A wide ball is often classified as an additional delivery. It is not included among the six deliveries of an over. The main fault of a wide ball is usually of the bowler.

While such an action has no serious repercussions, it is often added to the bowler bowling analysis. 

When the sport of cricket initially began, the instances of a wide ball were relatively fewer.

However, with the increasing popularity of the sport, there has been a stricter implementation of rules and regulations to ensure fair competition between opposing teams. Consequently, the instances of a wide ball have risen over the years.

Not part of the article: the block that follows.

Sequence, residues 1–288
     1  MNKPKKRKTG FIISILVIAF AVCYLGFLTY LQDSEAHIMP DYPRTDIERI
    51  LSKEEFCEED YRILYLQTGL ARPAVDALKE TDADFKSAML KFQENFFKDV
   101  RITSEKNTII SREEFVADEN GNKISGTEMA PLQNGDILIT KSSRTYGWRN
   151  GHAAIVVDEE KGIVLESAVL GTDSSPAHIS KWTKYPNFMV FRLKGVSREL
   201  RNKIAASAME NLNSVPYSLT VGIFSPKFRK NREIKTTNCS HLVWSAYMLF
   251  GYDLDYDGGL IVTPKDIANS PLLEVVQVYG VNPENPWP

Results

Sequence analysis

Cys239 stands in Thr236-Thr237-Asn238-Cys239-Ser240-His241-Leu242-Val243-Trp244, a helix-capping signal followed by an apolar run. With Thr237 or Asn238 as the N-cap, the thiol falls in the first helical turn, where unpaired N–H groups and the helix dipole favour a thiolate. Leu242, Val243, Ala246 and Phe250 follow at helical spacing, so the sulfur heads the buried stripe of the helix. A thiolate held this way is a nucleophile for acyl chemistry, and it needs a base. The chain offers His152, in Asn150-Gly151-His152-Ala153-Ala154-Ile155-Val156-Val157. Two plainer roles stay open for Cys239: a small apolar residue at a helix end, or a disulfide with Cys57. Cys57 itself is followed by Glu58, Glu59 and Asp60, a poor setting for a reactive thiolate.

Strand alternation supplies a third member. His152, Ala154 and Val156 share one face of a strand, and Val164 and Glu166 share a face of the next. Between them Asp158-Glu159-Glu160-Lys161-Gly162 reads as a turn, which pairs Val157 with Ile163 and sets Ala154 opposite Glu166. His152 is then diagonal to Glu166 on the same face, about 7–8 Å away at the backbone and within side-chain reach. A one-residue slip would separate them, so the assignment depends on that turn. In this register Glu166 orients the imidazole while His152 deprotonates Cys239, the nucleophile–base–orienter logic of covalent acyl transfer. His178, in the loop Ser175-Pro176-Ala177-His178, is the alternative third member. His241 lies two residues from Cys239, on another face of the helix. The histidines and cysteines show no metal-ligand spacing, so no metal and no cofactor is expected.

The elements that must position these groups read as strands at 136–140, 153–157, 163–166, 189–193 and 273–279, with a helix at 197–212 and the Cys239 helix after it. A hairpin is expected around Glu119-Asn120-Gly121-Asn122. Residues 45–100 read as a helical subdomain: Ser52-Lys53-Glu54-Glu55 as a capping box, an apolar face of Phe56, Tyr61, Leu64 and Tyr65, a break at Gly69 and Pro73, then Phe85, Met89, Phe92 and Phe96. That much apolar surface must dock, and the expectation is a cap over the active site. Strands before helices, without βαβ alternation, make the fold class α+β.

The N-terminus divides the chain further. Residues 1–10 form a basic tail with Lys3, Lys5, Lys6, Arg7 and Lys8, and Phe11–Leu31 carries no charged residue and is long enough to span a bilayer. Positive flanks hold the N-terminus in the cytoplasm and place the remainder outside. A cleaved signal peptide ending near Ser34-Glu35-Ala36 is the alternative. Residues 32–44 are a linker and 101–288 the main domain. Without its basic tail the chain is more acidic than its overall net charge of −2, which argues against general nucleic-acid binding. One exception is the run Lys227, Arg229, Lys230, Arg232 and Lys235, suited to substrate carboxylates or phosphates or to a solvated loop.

Main Differences Between No Ball and Wide Ball

  1. No ball is covered under law 21 of cricket. In contrast, a wide ball is covered under law 22 of cricket. 
  2. While a no-ball refers to an illegal delivery to the batter. On the other hand, a wide ball is a ball that surpasses the batter’s normal stroke. 
  3. While a free hit may be given for a no-ball, there is no such consequence of a wide ball. 
  4. An umpire indicates a no-ball by raising his one arm at shoulder height. In contrast, an umpire indicates a wide ball by raising both his arms at shoulder height.
  5. When a ball delivery is classified as both a no-ball and wide ball, it is declared as a no-ball. 
Difference Between No Ball and Wide Ball
References
  1. https://en.wikipedia.org/wiki/Wide_(cricket)#:~:text=8%20References-,Definition,of%20the%20Laws%20of%20Cricket.&text=Therefore%20a%20delivery%20is%20not,ball%2C%20and%20not%20a%20wide. 
  2. https://en.wikipedia.org/wiki/No-ball#Causes